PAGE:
Reijer Hooykaas (August 1, 1906 - January 4, 1994) is one of the leading Christian historians of science in the world. For many years, Hooykaas played an active role in the Christian Society of Scientists and Physicians in the Netherlands. Trained as a Chemist, in 1945 Hooykaas was appointed first chair in the history of science at the Free University of Amsterdam. He later served as professor of the history of science at the University of Utrecht from 1967 until his retirement in 1976, after which he focused on his writing and lecturing activities. Much of his work addressed the scientific fruits of a Reformed Christian faith.

He is remembered fondly, respectfully, and professionally by fellow historians. His countryman H. Floris Cohen dedicated his magnus opus The Scientific Revolution: A Historiographical Inquiry (University of Chicago Press, 1994) to Hooykaas and its treatment on religion deals mostly with Hooykaas.^[1]^ British Historian Malcolm Oster remembers him as a loveable curmudgeon who would become "personally irritated" when other historians would attempt to portray the strong religious beliefs of an early modern such as Blaise Pascal, Robert Boyle, or Isaac Newton as indicators of some sort of mental disorder.^[2]^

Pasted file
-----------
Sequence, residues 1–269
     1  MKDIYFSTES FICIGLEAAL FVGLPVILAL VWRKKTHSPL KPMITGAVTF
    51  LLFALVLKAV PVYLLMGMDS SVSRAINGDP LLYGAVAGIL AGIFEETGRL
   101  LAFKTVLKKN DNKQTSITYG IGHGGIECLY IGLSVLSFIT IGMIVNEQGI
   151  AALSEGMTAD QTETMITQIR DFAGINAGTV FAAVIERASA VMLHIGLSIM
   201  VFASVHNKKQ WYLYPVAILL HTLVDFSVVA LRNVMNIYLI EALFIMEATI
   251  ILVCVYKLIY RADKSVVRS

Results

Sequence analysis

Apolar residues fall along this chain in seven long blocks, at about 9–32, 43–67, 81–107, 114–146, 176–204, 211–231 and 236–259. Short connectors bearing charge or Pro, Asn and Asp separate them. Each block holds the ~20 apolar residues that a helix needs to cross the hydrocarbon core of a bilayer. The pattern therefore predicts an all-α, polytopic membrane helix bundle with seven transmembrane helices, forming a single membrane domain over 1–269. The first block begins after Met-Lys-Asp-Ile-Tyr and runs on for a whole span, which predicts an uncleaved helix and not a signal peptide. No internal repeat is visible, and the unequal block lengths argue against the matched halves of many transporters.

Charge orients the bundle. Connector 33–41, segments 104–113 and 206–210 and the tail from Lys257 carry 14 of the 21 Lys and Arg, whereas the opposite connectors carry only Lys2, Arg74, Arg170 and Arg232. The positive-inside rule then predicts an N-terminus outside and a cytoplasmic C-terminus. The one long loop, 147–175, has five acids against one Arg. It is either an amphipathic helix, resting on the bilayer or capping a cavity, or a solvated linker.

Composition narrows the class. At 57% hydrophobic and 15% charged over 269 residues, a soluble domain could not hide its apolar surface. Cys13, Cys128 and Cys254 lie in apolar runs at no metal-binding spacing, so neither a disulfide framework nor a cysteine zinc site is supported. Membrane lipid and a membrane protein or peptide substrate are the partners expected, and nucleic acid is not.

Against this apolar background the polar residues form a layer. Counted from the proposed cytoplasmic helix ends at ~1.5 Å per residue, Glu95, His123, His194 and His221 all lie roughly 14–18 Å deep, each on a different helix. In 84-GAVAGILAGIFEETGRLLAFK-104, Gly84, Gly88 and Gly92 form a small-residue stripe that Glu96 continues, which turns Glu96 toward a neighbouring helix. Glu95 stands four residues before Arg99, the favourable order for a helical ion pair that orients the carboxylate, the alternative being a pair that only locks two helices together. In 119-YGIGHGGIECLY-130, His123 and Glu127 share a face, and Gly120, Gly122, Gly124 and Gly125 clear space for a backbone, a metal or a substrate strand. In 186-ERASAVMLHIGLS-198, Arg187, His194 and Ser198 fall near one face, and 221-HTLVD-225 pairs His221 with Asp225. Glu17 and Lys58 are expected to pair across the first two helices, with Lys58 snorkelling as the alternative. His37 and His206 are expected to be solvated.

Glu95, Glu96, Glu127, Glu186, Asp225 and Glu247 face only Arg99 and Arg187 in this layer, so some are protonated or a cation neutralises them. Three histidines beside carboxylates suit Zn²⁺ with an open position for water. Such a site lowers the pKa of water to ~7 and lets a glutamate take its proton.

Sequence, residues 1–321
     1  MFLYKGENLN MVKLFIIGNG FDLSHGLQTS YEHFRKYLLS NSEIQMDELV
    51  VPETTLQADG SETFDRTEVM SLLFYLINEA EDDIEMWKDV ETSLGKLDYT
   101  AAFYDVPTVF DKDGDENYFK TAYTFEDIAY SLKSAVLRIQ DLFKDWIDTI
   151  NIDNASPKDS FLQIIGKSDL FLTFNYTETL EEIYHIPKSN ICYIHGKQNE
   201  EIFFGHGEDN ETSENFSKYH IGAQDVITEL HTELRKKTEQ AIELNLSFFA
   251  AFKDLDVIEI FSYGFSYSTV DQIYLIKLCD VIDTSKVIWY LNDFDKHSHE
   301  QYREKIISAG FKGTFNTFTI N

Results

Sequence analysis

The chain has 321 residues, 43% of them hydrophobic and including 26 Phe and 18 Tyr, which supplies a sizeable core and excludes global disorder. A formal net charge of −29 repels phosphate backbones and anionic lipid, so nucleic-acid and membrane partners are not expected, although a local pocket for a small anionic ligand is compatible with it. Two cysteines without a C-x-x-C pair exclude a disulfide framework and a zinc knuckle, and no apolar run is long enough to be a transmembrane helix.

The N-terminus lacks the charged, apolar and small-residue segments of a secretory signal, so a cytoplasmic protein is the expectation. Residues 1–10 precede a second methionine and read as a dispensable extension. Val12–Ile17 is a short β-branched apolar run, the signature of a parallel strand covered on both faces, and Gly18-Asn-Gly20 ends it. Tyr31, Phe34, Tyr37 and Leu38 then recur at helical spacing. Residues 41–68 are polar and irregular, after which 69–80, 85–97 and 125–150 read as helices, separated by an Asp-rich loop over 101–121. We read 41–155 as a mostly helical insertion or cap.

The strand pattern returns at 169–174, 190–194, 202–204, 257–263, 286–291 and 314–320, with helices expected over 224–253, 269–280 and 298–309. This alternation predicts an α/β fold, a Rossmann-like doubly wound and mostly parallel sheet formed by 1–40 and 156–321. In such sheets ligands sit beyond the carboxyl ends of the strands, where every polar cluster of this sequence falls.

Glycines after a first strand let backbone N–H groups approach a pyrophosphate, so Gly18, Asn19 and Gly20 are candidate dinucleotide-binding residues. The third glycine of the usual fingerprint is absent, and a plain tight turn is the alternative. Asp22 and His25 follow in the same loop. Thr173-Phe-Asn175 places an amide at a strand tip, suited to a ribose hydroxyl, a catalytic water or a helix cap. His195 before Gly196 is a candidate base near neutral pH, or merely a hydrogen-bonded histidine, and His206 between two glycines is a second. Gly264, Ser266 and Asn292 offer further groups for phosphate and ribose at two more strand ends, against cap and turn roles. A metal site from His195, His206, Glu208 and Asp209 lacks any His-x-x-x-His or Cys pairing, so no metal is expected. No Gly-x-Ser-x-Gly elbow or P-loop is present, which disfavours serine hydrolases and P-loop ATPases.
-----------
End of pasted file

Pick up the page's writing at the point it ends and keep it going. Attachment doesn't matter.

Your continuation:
Selected publications

  • Religion and the Rise of Modern Science. (2000 and 1973)
  • Fact, Faith, and Fiction in the Development of Science. Volume 205 in the Boston Studies in the Philosophy of Science. Kluwer Academic Publishers. (1999)
  • Robert Boyle: a study in Science and Christian belief (1997)
  • Natural Law and Divine Miracle: The Principle of Uniformity in Geology, Biology, and Theology. EJ Brill. (1958)

References

  1. ? Richard S. Brooks and David K. Himrod. Science and Religion in the English Speaking World, 1600-1727 A Biliographic Guide to the Secondary Literature, Scarecrow Press, 2001, ISBN 0-8108-4011-1, page 61
  2. ? Malcolm Oster. Sep. 1999, The British Journal for the History of Science, Vol. 32, No. 3, pages 366 to 368

External links